Oklahoma State Senators Pass Anti-Bullying Law Amid Recent Youth Suicides

KOKH - March 18, 2024 6:06 am

Attorney General Gentner Drummond applauded state senators for passing anti-bullying legislation on Thursday, just one day after Owasso student Nex Benedict’s death was determined a suicide.

Senate Bill 1100 passed the Senate in a 38-8 vote.

Drummond said it’s evident that stronger anti-bullying measures are needed after bullying appears to have contributed to the suicides of 17-year-old Mustang student Jot Turner, and 16-year-old Owasso student Nex.

Drummond said, “Schools are seeing firsthand the crisis of teen suicide and how it can be stoked by horrific bullying. Laws cannot force people to be kind to one another, but we can ensure there are consequences to the sort of bullying that leads to tragedies such as those we have seen in Mustang and Owasso.”

Senate Bill 1100 would make it illegal for anyone to “threaten, intimidate or harass, or threaten to inflict injury, physical harm, or severe emotional distress” to anyone in person or through electronic devices.

First-time violators would receive a misdemeanor punishable by up to one year in county jail, or a $500 fine.

A second offense could face up to two years in prison and a $1,000 fine.

Repeat violations may face up to 10 years in prison and a $100,000 fine.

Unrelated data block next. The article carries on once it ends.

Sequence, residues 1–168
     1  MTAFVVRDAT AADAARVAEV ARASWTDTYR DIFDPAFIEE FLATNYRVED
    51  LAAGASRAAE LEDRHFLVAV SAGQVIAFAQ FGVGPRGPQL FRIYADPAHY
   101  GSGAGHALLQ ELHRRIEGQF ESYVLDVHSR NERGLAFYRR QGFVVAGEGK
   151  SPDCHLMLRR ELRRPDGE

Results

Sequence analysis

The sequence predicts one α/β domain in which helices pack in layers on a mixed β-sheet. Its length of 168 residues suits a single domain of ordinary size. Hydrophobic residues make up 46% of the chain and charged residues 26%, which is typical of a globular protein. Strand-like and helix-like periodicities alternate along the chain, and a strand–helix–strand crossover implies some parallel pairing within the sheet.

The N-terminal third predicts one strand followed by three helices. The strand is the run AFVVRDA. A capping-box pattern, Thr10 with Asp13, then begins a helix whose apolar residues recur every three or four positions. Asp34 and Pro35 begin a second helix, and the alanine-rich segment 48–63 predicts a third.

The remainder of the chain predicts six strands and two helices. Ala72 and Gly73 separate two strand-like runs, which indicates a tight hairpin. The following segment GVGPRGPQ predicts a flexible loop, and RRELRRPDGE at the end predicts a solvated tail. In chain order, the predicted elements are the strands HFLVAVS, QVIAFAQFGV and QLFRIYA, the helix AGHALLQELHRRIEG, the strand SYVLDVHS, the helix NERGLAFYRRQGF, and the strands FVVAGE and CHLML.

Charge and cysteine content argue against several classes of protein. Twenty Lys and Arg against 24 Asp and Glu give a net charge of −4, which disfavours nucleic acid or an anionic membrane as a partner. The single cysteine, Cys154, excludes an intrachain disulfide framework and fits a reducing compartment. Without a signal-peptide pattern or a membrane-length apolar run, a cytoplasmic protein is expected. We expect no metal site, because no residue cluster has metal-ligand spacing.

The measure also includes penalties for people who are shown to be the “proximate cause” of a suicide or attempted suicide.

If someone was found to be the cause of an attempted suicide, they could face up to two

Anyone who is found to be the cause of a committed suicide could face a minimum of seven years in prison, and a fine up to $5,000 if Senate Bill 1100 becomes law.

Oklahoma Senator Paul Rosino and Representative Steve Bashore authored the bill.

Senator Rosino said “No child in our state should ever feel that ending their life is the only way to escape harassment or bullying. As cyberbullying persists and worsens, it is imperative that we prioritize the well-being of our youth and do everything in our power to prevent these tragedies.”

Data from the Oklahoma State Department of Health showed that between 2012 and 2016, Oklahoma had the 10th highest rate of youth suicides across the nation.

2021 Youth Risk Behavior Survey from the Oklahoma State Department of Mental Health and Substance Abuse Services found that 23% of participants “seriously considered” suicide during that year.

The survey also found 10% tried to take their own life, and 18% of high school students who participated in the survey reported being bullied at school.

Anyone who is thinking of suicide or is struggling can call or text 988 to reach the crisis hotline.


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